21. The Relationship Between Federal and State Governments is Constantly Changing In the American federal system, the relative roles of the states and the federal government are constantly changing. For example, it is periodically suggested that state-level regulation of doctors and nurses should be consolidated into regions or even taken over by the federal government given the highly mobile American population. Insurance regulation has traditionally been a matter left entirely to the states, but in 1996 Congress enacted HIPAA, the Health Insurance Portability and Accountability Act, which for the first time established federal standards for health insurance. Recent Congressional debate has included topics such as establishing Association Health Plans, which would be regulated by the federal government, and various efforts that would undermine the ability of states to regulate the benefits offered by and the rating practices used by health insurers. Meanwhile, in early 2006 President Bush signed into law the Deficit Reduction Act which gave states substantial new flexibility in how they operate their Medicaid programs.In the American federal system, the relative roles of the states and the federal government are constantly changing. For example, it is periodically suggested that state-level regulation of doctors and nurses should be consolidated into regions or even taken over by the federal government given the highly mobile American population.

22. Conclusions… In sum, states play many different roles when it comes to health policy. States are regulators, purchasers, and providers. While the number of people without health insurance has grown in recent years, some states have made efforts to reverse this trend, although progress has been limited. The political pendulum swings back and forth between state and national leadership on health issues. Today, the federal government shows few signs of taking major steps to cover the uninsured, so states are taking the lead. The federal government has shown interest in intervening in and in some instances preempting how states regulate health insurance, while it also is willing to give states more leeway in how they run programs like Medicaid. But the balance between state and federal action is subject to change, and those changes will have a significant effect on what states can do, and what they will do.In sum, states play many different roles when it comes to health policy. States are regulators, purchasers, and providers.While the number of people without health insurance has grown in recent years, some states have made efforts to reverse this trend, although progress has been limited.The political pendulum swings back and forth between state and national leadership on health issues. Today, the federal government shows few signs of taking major steps to cover the uninsured, so states are taking the lead. The federal government has shown interest in intervening in and in some instances preempting how states regulate health insurance, while it also is willing to give states more leeway in how they run programs like Medicaid. But the balance between state and federal action is subject to change, and those changes will have a significant effect on what states can do, and what they will do.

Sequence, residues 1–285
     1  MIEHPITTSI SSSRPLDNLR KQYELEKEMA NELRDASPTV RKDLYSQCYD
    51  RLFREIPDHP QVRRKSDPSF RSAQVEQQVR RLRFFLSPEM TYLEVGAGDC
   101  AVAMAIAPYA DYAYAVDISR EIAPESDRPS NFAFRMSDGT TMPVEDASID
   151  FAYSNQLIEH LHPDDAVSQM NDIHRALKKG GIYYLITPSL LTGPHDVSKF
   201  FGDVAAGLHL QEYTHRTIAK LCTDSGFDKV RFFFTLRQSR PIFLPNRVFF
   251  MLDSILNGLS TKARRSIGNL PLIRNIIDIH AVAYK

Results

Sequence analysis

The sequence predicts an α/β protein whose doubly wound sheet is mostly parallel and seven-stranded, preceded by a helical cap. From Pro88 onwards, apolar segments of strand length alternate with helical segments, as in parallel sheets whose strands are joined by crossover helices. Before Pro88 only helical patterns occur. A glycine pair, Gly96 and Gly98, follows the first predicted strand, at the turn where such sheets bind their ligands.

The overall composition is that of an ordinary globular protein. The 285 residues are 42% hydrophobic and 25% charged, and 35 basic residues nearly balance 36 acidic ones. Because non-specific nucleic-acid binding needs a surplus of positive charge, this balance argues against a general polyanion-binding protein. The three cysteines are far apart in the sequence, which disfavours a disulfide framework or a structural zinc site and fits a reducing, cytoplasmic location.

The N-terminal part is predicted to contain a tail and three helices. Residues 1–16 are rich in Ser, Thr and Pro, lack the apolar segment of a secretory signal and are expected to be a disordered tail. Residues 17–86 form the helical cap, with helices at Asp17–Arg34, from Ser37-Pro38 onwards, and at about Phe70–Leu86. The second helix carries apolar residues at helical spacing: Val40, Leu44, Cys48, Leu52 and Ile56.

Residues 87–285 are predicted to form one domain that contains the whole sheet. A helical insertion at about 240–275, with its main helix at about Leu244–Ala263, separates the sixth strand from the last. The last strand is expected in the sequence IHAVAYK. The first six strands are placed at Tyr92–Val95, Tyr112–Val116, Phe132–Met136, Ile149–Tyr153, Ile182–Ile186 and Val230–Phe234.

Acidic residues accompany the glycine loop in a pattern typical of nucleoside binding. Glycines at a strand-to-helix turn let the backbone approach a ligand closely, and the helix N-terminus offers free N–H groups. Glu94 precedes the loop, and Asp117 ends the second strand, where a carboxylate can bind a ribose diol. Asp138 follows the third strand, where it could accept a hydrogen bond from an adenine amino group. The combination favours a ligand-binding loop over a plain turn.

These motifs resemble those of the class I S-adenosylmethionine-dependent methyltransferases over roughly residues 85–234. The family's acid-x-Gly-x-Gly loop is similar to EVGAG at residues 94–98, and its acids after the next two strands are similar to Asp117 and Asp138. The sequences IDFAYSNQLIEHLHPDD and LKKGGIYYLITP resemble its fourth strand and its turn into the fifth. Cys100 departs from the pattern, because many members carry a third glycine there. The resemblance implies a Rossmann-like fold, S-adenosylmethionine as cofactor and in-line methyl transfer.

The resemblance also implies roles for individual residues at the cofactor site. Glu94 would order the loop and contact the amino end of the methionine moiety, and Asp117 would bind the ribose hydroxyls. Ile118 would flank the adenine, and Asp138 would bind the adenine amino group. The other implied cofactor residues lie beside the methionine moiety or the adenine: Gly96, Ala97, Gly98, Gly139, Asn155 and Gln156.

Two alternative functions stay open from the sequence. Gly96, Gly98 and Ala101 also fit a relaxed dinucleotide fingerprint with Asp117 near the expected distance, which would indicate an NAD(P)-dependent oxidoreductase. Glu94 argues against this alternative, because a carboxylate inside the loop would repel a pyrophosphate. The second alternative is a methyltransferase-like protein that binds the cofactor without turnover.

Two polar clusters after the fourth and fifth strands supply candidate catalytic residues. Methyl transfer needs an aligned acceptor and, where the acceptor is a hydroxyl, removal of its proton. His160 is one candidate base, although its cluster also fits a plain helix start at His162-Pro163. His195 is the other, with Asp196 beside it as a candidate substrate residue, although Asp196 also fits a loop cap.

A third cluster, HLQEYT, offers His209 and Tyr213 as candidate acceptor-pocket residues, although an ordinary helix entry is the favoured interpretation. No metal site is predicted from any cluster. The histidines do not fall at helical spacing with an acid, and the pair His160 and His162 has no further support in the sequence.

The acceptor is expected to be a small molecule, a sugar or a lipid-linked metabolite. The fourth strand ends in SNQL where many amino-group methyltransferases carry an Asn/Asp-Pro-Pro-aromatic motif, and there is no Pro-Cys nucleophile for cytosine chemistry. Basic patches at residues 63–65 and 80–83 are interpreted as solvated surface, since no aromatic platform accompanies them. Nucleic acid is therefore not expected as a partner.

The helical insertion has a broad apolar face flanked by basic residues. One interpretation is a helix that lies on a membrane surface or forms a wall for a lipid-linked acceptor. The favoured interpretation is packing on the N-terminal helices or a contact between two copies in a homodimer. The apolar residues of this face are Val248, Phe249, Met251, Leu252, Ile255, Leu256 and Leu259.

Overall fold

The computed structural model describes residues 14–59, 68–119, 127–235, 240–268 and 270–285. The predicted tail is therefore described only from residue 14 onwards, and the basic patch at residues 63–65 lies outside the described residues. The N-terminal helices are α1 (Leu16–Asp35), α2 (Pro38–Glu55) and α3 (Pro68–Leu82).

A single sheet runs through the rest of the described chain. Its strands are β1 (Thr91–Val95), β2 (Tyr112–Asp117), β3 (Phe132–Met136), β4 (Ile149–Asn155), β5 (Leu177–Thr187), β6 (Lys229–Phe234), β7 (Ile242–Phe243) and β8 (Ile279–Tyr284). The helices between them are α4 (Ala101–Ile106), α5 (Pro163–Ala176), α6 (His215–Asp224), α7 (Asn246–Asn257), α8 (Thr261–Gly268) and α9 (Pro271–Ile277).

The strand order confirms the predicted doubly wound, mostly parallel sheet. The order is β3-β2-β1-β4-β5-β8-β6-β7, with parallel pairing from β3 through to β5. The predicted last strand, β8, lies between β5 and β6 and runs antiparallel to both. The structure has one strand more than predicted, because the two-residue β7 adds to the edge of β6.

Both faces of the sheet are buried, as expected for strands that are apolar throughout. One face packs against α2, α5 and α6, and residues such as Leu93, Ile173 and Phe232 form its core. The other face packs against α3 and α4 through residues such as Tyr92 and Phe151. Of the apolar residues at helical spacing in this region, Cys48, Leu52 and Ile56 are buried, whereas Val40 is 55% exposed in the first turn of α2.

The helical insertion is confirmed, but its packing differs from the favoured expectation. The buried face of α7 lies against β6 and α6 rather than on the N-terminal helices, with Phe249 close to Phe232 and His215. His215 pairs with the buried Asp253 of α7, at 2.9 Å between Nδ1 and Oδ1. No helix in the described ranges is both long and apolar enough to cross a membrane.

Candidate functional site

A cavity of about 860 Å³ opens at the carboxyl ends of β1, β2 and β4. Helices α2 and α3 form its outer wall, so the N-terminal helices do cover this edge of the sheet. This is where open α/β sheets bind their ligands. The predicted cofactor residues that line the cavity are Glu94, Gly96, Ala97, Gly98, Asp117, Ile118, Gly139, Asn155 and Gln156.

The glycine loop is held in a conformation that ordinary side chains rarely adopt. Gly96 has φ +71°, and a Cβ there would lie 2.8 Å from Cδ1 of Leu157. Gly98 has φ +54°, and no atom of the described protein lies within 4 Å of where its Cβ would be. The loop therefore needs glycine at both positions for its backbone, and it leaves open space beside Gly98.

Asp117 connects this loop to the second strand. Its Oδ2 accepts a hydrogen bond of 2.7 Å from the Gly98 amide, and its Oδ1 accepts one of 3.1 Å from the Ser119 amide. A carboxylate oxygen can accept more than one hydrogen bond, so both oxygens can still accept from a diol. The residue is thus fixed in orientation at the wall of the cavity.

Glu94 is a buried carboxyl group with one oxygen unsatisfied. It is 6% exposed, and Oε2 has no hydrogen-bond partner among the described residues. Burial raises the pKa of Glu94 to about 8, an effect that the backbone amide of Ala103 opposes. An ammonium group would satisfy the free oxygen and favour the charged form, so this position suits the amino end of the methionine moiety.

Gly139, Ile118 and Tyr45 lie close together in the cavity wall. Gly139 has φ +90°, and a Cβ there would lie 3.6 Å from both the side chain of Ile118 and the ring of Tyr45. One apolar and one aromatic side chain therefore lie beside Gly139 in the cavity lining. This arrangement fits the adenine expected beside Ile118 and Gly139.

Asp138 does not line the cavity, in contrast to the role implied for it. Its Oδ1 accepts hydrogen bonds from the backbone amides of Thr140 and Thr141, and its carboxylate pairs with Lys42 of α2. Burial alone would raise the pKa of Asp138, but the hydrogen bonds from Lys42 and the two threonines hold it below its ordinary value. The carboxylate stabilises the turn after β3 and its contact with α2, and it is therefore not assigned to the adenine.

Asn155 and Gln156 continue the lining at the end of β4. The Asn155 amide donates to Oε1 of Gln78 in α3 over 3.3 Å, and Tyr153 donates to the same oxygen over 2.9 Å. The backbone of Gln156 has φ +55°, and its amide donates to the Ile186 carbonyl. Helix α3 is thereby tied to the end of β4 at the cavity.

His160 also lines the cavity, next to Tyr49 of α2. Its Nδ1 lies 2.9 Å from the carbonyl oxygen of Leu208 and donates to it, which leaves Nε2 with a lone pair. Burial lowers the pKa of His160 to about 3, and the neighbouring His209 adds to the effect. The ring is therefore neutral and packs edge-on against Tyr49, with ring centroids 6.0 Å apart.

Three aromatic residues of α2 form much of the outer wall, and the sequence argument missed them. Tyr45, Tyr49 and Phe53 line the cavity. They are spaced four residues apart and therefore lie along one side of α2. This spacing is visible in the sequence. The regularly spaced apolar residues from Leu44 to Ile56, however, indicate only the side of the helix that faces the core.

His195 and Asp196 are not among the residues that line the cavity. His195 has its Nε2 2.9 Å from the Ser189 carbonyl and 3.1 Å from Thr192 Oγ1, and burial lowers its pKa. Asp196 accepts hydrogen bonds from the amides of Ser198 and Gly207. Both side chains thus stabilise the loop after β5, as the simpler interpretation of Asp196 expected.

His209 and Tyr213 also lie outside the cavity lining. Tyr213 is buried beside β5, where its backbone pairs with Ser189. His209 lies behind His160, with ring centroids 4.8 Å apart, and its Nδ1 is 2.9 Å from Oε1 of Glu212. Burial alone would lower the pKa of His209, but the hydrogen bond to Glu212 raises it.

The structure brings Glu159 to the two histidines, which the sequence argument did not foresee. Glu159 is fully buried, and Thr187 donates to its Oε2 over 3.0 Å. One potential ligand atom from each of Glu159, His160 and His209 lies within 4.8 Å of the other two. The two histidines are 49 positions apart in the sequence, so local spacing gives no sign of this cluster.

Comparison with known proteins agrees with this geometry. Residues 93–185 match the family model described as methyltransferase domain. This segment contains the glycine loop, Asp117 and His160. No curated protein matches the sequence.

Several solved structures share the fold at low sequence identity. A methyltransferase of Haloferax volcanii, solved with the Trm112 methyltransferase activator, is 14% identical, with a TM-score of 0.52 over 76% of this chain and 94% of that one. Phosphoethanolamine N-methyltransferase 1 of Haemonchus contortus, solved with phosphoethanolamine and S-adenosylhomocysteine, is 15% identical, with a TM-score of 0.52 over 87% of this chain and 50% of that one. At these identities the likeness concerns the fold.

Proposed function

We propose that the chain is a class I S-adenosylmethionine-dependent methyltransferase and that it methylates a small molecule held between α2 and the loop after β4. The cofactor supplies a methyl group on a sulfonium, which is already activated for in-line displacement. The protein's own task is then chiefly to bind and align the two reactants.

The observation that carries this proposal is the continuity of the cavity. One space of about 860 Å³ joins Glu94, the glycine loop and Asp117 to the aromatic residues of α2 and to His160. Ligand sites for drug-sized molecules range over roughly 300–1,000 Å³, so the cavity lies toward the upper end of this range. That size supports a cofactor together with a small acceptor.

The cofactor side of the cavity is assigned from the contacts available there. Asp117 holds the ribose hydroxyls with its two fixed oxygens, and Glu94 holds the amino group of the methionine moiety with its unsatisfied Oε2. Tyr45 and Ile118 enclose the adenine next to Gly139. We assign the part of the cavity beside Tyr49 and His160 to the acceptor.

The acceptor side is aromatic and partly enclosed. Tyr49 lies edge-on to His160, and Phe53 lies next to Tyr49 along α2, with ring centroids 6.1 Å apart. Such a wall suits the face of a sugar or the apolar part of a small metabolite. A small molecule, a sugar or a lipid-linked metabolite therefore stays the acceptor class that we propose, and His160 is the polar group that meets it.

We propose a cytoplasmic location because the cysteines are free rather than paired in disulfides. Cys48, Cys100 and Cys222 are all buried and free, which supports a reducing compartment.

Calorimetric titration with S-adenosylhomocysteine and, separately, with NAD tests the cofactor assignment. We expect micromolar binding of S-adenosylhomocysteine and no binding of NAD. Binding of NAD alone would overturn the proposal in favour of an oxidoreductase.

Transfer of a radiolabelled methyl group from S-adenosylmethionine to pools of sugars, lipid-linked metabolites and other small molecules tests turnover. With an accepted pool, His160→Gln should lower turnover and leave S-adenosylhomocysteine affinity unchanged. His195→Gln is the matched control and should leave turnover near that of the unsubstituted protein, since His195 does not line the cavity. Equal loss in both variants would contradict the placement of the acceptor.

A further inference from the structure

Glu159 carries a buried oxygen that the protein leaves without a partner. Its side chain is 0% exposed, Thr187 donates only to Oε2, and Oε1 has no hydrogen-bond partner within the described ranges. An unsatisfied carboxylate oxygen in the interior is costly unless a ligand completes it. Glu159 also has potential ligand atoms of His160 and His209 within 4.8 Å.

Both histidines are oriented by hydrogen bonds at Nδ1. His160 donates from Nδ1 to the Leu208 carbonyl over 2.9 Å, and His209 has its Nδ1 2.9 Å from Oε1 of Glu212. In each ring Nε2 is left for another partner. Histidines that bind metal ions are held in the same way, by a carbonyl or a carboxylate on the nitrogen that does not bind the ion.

23. Additional Resources Kaiser Family Foundation (KFF) Statehealthfacts.org National Academy for State Health Policy (NASHP), “Making Medicaid Work for the 21st Century” NASHP, “Patient Safety and Medical Errors: A Road Map for State Action” KFF, “National ADAP Monitoring Report” Kaiser Commission on Medicaid and the Uninsured, “State Fiscal Conditions and Medicaid” National Governors Association, “State-Funded Home and Community-based Service Programs”

24. Return to kaiserEDU.org tutorial page